Finally, we come to the part of the process where we turn the action steps into actual activities.
Don’t overthink this — the answer is right in front of you:
You tell them to take the first action. And then you tell them to take the second action. And then the third, and the fourth, and so on.
A lot of times, we hear “activities” and think it has to be something fancy. But trying to get fancy distracts us from the point of a training exercise:
The point of a training exercise (a “learning activity”) is to get people to do the things they need to do, to be successful.
- Do they need to answer a certain set of questions? Give them the questions, and tell them to answer them.
- Do they need to come up with a list of people to talk to? Tell them to go create that list.
- Do they need to figure out where their time is going? Give them a download link to RescueTime, and tell them to install it.
- Do they need to create an exercise plan? Get them to make the plan.
- Do they need to put a sticky note with their most important to-do on their computer monitor? Tell them to do it.
Again, the value of your program isn’t in the information you’re providing. It’s in theexperience of guiding them through the process, step-by-step, so they can be successful.
Tell them what to do.
Give them the support they need to be able to complete the action.
That’s activity-based training, folks. It really is that simple.
Tip: Small, Simple Actions Lead To Big Results. Read how Natasha Vorompiova applied this technique to create a course she could be proud of.
Important: Resist The Temptation
Now, I get it. Sometimes, you want to do a bit more than just giving people tasks and assignments.
Here’s what I want to challenge you with today:
Resist this impulse. Don’t try to make your activities more exciting “just because.” Don’t be tempted to try to create artificial fun and engagement. If a worksheet is what is called for, create a worksheet.
Here’s why: when you are testing and evaluating your curriculum, it is vital that you simplify the number of variables.
Every time that you add complexity, you are making it hard to determine whether an activity just didn’t work … or whether the way you presented that activity was the problem.
Think of it this way: you’re an expert. You could do this stuff in your sleep. As such, it’s not very exciting or innovative to you.
Your learners aren’t this way. It’s not old-hat for them. That’s why they’re coming to you!
And so every time you add another layer, another twist, another “feature” in the name of “making it more interesting” you are actually putting more barriers into place that will inhibit their ultimate success.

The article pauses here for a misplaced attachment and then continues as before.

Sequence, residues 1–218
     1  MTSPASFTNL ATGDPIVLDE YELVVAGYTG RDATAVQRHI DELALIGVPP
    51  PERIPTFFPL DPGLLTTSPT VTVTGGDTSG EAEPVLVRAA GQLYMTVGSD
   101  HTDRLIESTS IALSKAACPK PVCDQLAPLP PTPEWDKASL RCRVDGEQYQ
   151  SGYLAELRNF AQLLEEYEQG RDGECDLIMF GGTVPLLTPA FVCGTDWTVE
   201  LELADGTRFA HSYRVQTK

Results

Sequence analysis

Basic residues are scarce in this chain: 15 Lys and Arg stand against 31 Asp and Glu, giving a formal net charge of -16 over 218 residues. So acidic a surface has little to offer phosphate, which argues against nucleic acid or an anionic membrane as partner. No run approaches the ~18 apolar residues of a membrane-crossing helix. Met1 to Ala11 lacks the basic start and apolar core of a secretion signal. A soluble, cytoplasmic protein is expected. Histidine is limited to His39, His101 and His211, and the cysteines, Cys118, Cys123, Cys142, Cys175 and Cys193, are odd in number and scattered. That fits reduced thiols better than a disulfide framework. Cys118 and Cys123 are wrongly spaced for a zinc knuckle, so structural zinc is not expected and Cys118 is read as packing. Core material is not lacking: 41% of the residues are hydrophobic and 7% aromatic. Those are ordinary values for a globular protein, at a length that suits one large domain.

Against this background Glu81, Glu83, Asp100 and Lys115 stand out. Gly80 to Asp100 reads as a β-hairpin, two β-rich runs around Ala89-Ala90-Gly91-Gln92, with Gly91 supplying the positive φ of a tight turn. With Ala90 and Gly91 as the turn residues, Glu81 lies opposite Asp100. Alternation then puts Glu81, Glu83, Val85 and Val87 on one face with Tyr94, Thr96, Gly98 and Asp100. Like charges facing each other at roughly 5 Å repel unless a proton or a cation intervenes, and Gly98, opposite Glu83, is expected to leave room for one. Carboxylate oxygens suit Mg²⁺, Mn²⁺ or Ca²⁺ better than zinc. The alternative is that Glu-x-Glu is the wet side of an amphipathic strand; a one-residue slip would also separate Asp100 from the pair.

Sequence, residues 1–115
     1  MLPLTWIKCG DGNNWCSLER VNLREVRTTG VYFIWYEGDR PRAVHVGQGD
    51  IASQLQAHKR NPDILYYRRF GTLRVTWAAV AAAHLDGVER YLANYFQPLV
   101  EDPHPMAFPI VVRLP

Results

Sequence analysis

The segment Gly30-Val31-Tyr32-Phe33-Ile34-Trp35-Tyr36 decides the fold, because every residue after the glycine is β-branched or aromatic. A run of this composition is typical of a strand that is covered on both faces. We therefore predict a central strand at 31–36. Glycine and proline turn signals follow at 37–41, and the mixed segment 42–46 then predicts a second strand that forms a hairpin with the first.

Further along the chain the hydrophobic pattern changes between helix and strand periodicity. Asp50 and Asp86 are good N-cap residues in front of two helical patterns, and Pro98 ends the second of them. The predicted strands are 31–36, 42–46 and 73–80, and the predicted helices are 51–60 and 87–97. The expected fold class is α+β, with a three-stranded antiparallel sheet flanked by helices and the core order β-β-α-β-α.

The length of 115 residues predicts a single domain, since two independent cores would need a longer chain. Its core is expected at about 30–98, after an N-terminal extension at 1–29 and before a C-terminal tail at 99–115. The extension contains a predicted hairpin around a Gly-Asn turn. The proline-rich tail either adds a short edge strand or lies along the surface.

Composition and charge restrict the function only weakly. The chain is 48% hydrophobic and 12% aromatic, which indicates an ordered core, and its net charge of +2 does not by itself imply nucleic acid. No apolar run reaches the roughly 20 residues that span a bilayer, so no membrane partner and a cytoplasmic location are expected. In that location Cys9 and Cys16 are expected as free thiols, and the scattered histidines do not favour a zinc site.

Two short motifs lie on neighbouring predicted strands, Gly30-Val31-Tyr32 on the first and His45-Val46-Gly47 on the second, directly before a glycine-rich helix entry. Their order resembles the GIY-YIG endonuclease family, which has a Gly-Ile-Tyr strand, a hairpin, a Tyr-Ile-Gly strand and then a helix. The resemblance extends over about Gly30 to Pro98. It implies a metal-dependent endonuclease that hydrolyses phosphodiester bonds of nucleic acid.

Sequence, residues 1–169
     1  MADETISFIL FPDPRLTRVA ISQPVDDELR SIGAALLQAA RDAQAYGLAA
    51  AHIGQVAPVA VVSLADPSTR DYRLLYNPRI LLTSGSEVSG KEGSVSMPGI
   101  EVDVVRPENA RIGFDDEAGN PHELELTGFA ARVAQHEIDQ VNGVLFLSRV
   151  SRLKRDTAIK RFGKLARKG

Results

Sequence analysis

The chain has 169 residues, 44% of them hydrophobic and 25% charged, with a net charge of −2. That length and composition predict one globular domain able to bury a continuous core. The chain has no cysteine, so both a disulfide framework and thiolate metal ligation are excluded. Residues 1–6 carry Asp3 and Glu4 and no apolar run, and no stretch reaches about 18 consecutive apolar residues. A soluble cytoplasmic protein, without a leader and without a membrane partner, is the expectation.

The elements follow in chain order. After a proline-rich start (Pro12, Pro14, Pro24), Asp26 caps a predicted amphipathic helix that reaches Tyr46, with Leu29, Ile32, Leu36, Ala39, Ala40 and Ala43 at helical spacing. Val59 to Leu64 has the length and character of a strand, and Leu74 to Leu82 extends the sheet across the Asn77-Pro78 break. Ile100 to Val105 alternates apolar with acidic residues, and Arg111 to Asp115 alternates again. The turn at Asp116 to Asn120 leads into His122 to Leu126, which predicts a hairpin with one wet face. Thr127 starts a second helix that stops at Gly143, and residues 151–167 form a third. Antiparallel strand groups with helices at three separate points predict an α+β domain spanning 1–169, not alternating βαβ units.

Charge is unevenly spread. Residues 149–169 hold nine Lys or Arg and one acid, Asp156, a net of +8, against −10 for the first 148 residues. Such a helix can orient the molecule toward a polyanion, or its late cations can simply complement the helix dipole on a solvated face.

[Optional] Step Five: Jazz It Up — a Bit
Now that’s not to say that every course must consist only of worksheets upon worksheets.
Instead, the final step is to brainstorm a few different ways that people can take the actions they need to take. In some situations, there won’t be many options. If they need to put up a sticky note, then that’s good enough: get them to write the sticky note and put it in front of their face.
But if you’re feeling stuck trying to discern how your activity might take shape, here are some variables you can play. Consider what the activity look like if done …
- Solo vs. with a partner vs. in a group
- Online vs. offline (but still digital) vs. offline (not digital)
- Drawing vs. writing vs. talking vs. watching vs. listening vs. moving around, etc.
- Synchronously (everyone simultaneously) vs. asynchronously (on their own time)
For example, let’s say your participants’ needed action is to figure out what they’re going to say ahead of a tough meeting.
If you did it as a synchronous partner activity, online by talking, then voila! Your activity would be role-playing on a coaching call.
If, instead, you were to do it in a group, written, asynchronously then you’d get people to write up a template for what they planned to say, and then share it with the Facebook group to get feedback.
You could also do it as a solo activity, where they did it offline, drawing, asynchronously — by creating a mindmap for all the different things they want to be able to say.
These are all different ways of getting people to do the work that needs to be done. Which is best?
That’s up to you.
Just remember that the more quickly you can get them taking action “for real”, in their everyday lives outside of the training experience, the more likely they are to start seeing real transformation in their everyday lives, too.
Eventually, they have to actually have that conversation, write that sales page, do a morning workout, or whatever else success looks like.
After all, it’s only by doing the work that our clients will experience the transformation they so desperately seek.